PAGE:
SAN DIEGO - Heather L. Rosing is the CEO and president of Klinedinst PC, a 90-attorney litigation and transactions firm with four offices in California and one in Seattle. She is also Klinedinst's chief financial officer. Her practice focus as chair of the professional liability department is in the arenas of malpractice and fraud, director and officer matters and management liability.
She took over in 2021 from founder John D. Klinedinst. "We are re-envisioning what a law firm looks like, in terms of remote working, flexible schedules, health and wellness and diversity and inclusion," she said.
One innovation: attorneys who come to work three days a week get their own offices; others who qualify are free to operate from home.
Along with defending attorneys and firms, Rosing also represents judges and commissioners before the Commission on Judicial Performance and offers counsel on judicial ethics. Speaking of her clients in general, she was guarded. "I've had some great successes in private arbitrations over the past year," she said.
"My specialty, big-ticket malpractice claims and the ethics and risk management business, is flourishing," she said. "It seems every lawyer wants a lawyer."
Active in State Bar affairs and other pro bono activities, Rosing is currently finishing her term as the inaugural president of the California Lawyers Foundation. "We have granted approximately $400,000 to organizations that provide services in the areas of access to justice, DEIB [diversity, equity, inclusion and belonging] and civic education and outreach," she emailed. "We are very proud of that."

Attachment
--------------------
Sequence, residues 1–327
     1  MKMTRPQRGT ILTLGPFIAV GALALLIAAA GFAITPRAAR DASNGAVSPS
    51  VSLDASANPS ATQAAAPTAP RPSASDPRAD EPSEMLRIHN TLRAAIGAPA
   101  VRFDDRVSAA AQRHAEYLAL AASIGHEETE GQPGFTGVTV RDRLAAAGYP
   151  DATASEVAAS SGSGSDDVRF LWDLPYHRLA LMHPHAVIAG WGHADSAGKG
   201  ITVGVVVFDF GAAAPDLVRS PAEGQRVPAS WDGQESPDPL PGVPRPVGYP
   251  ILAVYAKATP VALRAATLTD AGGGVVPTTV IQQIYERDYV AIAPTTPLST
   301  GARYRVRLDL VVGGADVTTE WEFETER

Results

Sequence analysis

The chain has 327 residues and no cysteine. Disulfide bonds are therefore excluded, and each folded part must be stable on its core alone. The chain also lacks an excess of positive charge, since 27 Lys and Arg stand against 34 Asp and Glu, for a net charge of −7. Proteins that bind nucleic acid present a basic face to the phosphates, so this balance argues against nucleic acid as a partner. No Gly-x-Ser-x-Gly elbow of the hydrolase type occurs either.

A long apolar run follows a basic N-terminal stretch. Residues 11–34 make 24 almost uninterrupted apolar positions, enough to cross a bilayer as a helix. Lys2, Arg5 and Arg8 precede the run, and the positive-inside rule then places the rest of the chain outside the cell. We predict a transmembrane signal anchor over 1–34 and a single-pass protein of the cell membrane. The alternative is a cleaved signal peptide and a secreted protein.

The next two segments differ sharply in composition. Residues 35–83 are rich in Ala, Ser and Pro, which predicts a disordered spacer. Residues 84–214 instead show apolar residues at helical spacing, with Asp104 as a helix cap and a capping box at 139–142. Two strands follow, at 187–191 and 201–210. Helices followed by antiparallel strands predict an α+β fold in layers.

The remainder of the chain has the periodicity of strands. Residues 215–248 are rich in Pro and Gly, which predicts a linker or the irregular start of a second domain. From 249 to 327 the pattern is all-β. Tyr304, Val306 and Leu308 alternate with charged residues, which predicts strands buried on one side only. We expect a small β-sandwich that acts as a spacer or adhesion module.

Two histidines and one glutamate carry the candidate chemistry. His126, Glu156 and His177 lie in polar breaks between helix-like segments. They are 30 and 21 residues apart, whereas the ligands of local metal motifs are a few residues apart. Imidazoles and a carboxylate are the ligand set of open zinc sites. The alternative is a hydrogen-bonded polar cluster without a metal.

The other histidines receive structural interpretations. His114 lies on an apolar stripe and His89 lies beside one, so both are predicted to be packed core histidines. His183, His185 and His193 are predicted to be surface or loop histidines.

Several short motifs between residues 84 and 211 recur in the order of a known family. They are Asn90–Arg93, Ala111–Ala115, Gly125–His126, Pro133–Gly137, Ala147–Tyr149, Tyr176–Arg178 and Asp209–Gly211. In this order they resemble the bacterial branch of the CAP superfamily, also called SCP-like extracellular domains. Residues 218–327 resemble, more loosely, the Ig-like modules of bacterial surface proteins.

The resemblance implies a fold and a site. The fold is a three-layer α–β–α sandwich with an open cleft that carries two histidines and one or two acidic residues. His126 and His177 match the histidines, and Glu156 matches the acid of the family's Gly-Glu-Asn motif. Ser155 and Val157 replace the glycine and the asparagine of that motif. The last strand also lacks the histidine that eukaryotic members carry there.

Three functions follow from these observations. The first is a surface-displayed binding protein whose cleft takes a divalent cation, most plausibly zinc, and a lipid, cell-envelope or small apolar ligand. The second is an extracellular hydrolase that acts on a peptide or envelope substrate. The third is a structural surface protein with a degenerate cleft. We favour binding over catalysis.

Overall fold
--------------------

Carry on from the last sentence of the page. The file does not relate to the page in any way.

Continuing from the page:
One recipient of $51,000 in grants was the Pasadena-based Legal Education Access Pipeline Inc. (LEAP), which prepares students for law school who are underrepresented in the legal field. At a September ceremony, the group received the first CLF Heather L. Rosing Pathway Partner Award for excellence in promoting diversity in the legal profession. "They have put the money to good use," Rosing said.
She was a leading proponent of splitting away from the State Bar lawyers it regulates and disciplines to avoid a built-in ethical conflict. Once that separation took place in 2018, Rosing became the first president of the California Lawyers Association. She moved the group towards becoming an education-focused professional society.
"Altogether, I love my job because it mixes litigation with an ethics component and a lot of philanthropy," Rosing said. "And I get to do the CEO thing on top of it all."